All this has culminated in the government's Prawer-Begin plan, named for Prime Minister's Office planner Ehud Prawer and former minister Benny Begin, to eliminate unplanned Bedouin villages and move their residents into existing Bedouin towns and new, planned settlements. Unsubstantiated land claims will receive some monetary compensation. Additional funds will be directed toward infrastructure development.
The government claims 80 percent of the Negev Bedouin favor the plan because it will radically improve their quality of life. Human rights activists claim this is a land-grab. They argue that the government actually subsidizes and develops "unauthorized" Jewish settlement outposts in the West Bank while tearing down Bedouin encampments. They point to at least one instance where a Jewish village is being planned for precisely the place where Bedouin currently live. Last weekend witnessed widespread protests, including instances of violence, by Bedouin who oppose the plan and their Jewish supporters.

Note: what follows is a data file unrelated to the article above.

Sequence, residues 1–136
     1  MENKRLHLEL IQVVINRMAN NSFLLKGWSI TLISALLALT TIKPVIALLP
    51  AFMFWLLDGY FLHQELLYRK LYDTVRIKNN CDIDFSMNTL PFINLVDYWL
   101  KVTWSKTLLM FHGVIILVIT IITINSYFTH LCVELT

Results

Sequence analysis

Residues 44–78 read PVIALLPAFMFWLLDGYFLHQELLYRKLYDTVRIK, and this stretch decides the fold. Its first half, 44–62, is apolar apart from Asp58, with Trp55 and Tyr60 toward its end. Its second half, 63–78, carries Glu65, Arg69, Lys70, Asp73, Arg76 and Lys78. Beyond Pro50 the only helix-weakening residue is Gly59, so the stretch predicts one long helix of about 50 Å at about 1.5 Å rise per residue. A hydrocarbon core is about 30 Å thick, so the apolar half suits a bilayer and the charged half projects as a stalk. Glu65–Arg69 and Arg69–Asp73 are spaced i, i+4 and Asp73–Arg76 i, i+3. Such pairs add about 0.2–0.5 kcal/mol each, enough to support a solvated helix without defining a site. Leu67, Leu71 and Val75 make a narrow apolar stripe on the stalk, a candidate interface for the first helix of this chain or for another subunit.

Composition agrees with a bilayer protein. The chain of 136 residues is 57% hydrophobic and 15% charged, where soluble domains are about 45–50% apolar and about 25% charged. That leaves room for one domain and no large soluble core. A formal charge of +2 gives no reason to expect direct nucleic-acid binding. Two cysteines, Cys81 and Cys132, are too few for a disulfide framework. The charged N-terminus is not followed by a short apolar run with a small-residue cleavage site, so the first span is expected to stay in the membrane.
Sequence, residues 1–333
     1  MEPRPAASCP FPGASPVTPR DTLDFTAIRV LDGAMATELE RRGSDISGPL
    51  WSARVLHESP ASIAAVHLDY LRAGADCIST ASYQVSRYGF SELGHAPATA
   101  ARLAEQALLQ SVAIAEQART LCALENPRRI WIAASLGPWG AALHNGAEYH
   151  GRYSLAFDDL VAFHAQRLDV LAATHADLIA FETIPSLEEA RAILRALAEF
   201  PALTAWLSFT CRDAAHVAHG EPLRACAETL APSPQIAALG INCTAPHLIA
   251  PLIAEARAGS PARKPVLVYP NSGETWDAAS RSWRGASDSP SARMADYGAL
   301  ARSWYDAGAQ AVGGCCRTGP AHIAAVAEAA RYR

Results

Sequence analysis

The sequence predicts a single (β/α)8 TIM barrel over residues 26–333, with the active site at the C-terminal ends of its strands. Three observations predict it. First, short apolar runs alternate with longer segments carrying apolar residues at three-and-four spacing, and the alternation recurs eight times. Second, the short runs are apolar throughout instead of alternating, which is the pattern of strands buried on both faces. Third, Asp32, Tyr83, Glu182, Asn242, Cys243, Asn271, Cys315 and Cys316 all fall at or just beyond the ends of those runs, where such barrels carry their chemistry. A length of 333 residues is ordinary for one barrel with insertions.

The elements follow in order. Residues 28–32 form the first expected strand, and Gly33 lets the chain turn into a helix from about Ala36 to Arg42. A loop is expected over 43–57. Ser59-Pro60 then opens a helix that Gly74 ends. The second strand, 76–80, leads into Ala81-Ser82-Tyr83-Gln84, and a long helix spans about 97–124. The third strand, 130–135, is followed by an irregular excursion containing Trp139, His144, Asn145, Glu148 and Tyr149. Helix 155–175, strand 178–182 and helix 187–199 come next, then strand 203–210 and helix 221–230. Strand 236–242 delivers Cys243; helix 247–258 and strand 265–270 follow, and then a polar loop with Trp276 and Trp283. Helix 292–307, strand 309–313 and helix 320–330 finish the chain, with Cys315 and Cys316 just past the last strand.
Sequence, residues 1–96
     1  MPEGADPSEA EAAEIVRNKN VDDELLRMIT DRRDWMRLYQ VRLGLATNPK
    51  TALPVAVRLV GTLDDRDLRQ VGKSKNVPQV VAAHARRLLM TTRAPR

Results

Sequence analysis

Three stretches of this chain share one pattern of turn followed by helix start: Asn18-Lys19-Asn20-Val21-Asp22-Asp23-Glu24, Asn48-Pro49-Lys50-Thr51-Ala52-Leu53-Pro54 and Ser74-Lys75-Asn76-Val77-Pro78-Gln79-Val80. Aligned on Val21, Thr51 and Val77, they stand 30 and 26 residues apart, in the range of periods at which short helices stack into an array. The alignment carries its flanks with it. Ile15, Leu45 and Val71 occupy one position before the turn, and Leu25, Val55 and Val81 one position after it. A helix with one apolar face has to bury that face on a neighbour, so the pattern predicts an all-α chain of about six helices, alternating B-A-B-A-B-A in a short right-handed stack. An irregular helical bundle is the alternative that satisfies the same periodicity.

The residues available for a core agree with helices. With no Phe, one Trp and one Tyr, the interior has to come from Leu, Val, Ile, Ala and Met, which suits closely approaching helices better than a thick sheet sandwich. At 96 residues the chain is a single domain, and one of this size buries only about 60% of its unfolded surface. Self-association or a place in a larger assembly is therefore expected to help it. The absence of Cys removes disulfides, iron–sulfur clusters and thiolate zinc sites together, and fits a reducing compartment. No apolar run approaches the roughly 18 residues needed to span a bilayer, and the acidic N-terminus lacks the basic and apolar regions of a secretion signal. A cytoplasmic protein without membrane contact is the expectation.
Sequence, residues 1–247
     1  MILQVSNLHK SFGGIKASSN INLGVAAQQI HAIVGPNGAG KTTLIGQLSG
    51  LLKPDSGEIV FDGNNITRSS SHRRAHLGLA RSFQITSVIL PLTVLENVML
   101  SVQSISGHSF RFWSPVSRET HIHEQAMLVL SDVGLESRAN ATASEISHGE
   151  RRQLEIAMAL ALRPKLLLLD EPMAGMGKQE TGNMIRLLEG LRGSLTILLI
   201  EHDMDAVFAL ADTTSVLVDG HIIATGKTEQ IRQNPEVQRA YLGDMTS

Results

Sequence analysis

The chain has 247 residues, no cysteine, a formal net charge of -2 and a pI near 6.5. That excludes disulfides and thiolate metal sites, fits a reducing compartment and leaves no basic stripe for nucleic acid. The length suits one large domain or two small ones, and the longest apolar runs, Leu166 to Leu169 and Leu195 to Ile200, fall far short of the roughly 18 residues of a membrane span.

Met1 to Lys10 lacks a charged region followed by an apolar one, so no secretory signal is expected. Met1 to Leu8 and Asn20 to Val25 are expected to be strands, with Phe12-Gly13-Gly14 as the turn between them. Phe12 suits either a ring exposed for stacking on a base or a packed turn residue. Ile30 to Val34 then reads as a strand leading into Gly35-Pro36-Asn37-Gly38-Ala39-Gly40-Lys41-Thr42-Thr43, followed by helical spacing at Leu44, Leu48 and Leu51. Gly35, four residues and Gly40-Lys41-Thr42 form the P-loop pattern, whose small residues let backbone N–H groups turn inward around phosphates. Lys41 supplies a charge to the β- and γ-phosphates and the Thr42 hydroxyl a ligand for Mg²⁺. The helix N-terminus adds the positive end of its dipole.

Implementation of the Prawer-Begin plan is supposed to take seven years. We may have seen just the beginning of the unrest and disruption it will produce on the way to the government taking control over demography and geography in the Negev.